This study is another contribution to the on-going debate about the so-called ‘etymological’ section of Plato’s Cratylus, in which Socrates analyzes a vast number of names in order to uncover the views of the name-givers of old as part of his inquiry into the correctness of names. For a long time scholars working on the Cratylus have tended to silently pass over this part of the dialogue, both because it does not contain much by way of philosophical argument, and because the etymologies may strike the modern reader as fanciful, or even unworthy of Plato’s philosophical genius. This attitude has changed considerably in the past decades, as can be glimpsed from the recent monographs on this dialogue by T. M. S. Baxter, R. Barney, and D. Sedley,1 who all deal extensively with the etymological section. Barbara Anceschi’s study, a revised version of her 2001 dissertation submitted at the university of Heidelberg, differs from her predecessors in two respects. First, she does not discuss the etymological section as a whole, but focuses on a particular part of it, in which Socrates’ discusses the names of the gods. Second, Anceschi assumes that the key to understanding Socrates’ treatment of these divine names is provided by the famous Derveni papyrus.2 Its anonymous author, who shows no signs of having been influenced by Plato, assumes that Orpheus’ theogony is in fact a philosophical cosmology in disguise, as he seeks to demonstrate by means of an allegorical interpretation of the poem in which etymologies of divine names play an important role. Anceschi is not the first to see a connection between these two texts. Baxter, e.g., who understands the etymological section as a polemical attack on all those intellectuals who make use of etymology, identifies the author of the papyrus as one of Plato’s many possible targets. Anceschi differs from Baxter and others, though, in that she consciously reads Socrates’ discussion of the divine names solely against the background of the Derveni papyrus, leaving other texts out of consideration, while assuming that Plato’s attitude towards etymology is less polemical than is often thought.
In the first chapter (‘Sprachtheorie und Allegorese im Kratylos‘), Anceschi seeks to determine the function of the etymological section within the Cratylus as a whole by making a comparison between the theory of naming that Socrates formulates in the first section of the dialogue, which leads up to the etymological section, with the remarks about naming by the author of the Derveni papyrus. According to Socrates’ theory, names are coined by an expert name-giver so as to express the nature of the named object and next put to the test by a dialectician who acts as some sort of supervisor. Orpheus, according to the Derveni papyrus, acted as a name-giver of the gods, while the etymological activities of the anonymous commentator resemble those of Socrates’ supervisor: by explaining them etymologically, the commentator demonstrates why these names are so aptly given. According to Anceschi, Socrates in the etymological section likewise tests the quality of the names. From Socrates’ etymologies, it emerges that in the course of time the original names have been subject to change: letters have been added and taken away for aesthetic effects. The result is that the names no longer directly show the nature of their bearers as they used to do. Their meaning is no longer obvious. Anceschi calls this “the Platonic theory of the riddling nature of language” (” die platonische Theorie über die Rätselhaftigkeit der Sprache“). In order to get to the meaning of a name, one has to reconstruct the original name, as Socrates does in the etymological section. In doing so, however, one risks being led astray, because the transformed names may create a wrong impression about the intentions of the ancient name-givers. Anceschi’s observation that Plato calls attention to the problems involved in reconstructing the original form of a name in order to detect its meaning is certainly correct and well worth making. She makes, however, too much out of it when she presents Socrates’ casual remarks as the ‘theory’ that is at the heart of the Cratylus. Plato’s ultimate reason for rejecting etymology as a means of philosophical research is after all a different one. Even if names had faithfully conserved their original form, communicating unambiguously their meaning, they would still reflect the understanding of the name-giver, which, Socrates insists at the end of the dialogue ( Crat. 438a-439c), may well be wrong.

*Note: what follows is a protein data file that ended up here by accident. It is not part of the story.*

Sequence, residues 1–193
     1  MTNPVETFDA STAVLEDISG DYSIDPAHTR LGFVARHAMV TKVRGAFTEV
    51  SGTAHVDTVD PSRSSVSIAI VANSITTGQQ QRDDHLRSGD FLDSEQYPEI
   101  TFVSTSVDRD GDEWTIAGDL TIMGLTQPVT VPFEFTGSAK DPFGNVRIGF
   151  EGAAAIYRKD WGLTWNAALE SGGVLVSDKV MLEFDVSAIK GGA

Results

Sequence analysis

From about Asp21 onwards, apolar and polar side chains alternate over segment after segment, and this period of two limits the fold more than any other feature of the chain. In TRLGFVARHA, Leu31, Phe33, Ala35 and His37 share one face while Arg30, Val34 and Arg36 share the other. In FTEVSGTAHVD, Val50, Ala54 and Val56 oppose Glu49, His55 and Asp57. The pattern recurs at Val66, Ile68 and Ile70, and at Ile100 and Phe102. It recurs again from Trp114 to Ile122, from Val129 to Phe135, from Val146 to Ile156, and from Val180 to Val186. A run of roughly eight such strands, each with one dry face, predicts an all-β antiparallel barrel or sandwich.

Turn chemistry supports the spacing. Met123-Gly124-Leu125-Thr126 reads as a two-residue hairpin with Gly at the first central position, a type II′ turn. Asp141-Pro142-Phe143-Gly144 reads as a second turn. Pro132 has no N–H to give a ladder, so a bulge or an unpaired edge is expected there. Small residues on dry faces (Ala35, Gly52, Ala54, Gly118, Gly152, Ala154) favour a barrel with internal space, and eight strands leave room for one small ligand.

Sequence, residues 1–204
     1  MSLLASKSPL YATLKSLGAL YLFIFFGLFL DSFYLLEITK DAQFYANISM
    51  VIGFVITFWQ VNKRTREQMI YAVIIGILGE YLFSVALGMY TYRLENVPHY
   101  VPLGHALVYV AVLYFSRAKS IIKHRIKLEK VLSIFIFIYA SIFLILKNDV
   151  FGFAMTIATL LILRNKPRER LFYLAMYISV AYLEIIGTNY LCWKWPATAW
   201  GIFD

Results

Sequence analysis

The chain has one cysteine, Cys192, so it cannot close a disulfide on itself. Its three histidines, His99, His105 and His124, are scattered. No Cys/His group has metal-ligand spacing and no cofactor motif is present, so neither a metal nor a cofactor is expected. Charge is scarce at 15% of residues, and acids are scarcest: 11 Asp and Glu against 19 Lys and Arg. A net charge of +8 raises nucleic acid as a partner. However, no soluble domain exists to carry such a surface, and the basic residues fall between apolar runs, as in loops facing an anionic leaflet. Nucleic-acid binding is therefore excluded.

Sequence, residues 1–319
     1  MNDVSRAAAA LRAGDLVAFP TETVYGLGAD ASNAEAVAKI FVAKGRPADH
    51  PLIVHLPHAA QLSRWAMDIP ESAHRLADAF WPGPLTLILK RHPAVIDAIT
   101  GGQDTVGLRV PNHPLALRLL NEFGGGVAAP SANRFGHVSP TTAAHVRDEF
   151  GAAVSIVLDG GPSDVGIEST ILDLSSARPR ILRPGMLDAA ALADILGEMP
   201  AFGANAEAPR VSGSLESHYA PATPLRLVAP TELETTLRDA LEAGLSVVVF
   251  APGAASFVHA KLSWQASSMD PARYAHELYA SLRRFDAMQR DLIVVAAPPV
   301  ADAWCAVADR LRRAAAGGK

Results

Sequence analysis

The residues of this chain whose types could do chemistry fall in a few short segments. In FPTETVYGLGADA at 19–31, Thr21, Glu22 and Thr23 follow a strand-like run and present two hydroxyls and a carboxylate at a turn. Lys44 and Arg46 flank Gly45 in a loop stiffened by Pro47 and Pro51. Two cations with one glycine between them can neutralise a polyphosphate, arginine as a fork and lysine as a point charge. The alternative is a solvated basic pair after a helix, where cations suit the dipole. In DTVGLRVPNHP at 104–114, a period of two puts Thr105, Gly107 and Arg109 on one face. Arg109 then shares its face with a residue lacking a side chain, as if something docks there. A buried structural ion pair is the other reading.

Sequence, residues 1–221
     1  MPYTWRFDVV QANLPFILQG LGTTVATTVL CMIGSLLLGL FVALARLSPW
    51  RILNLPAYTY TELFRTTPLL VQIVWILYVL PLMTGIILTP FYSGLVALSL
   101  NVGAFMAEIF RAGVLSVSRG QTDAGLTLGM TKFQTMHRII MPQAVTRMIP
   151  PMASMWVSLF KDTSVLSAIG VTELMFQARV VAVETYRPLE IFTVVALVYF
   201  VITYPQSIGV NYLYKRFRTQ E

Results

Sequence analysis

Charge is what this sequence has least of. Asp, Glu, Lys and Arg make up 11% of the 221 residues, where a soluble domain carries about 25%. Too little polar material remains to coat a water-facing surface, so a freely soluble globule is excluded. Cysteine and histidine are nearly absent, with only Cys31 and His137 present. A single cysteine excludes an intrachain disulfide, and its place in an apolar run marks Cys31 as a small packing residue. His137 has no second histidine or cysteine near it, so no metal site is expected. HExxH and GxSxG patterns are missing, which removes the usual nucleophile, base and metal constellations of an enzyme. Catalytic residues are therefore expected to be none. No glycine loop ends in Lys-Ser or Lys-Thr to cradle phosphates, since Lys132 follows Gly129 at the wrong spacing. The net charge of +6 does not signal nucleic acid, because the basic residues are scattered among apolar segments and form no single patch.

Chapter two (‘Kommentar zu den Götternamen im Kratylos‘) constitutes the core of this book. It is a full-scale commentary on Socrates’ analysis of the names of the gods ( Crat. 400d2-408d5), actually the first one since that of the Neoplatonist Proclus. Anceschi, who appears less interested in purely philological matters, provides detailed discussions of each etymology, which she summarizes helpfully in graphical presentations. One wonders why she does not deal with the etymologies of the names of Zeus, Cronus, and Uranus ( Crat. 396a-d), which Socrates had discussed earlier on. Socrates explicitly presents the discussion that starts at Crat. 400d as a continuation of that previous discussion (cf. Crat. 399d). Anceschi’s omission of this passage from her commentary is all the more remarkable, since it supports her suggestion – inspired once again by the Derveni papyrus – that the list of divine names in the Cratylus is modelled after a theogony. In Crat. 396c Socrates explicitly connects his discussion of Zeus and his ancestors to Hesiod’s theogony. Anceschi’s comments are, unfortunately, not always sufficiently thought through. An example in point is her discussion of the analysis of the name of Hestia ( Crat. 401b-e), which, as we shall see, is particularly relevant for her interpretation of Socrates’ discussion of the divine names as a whole. Socrates associates ‘Hestia’ with essia, which, he explains, is an old-fashioned form of Attic ousia. We call Hestia ‘Hestia’, because she ‘is’ ( esti). Socrates next opposes those who call ousia‘ essia‘ to those who call it ‘ ôsia‘. The latter follow Heraclitus in believing that everything that exists (i.e. ousia) is in flux. Their word for ousia, ‘ ôsia‘, which they derive from ‘ ôthoun‘ (to push), signifies that according to them nothing stands fast (i.e. ‘is’, as those who refer to ousia as essia assume), but constantly moves. Socrates connects the name ‘Hestia’ only to ‘ essia‘, not to ‘ ôsia‘. Anceschi shows herself aware of this.3 All the same, she argues that the name-givers of old who coined the name ‘Hestia’, and whom Socrates refers to as ‘ meteôrologoi‘ and ‘ adoleschai‘ were Heracliteans. Since Anceschi believes that these are Heracliteans, she argues that Plato uses these designations in, e.g., Politeia VI 488e3-489a2 to distinguish such people from true philosophers. This, however, is incorrect. In Politeia VI the designations ‘ meteôroskopos‘ (star-gazer) and ‘ adoleschês‘ are used to describe the popular opinion about true, i.e. Platonic, philosophers as intellectuals who spend their time on complicated things that are seemingly of no use.4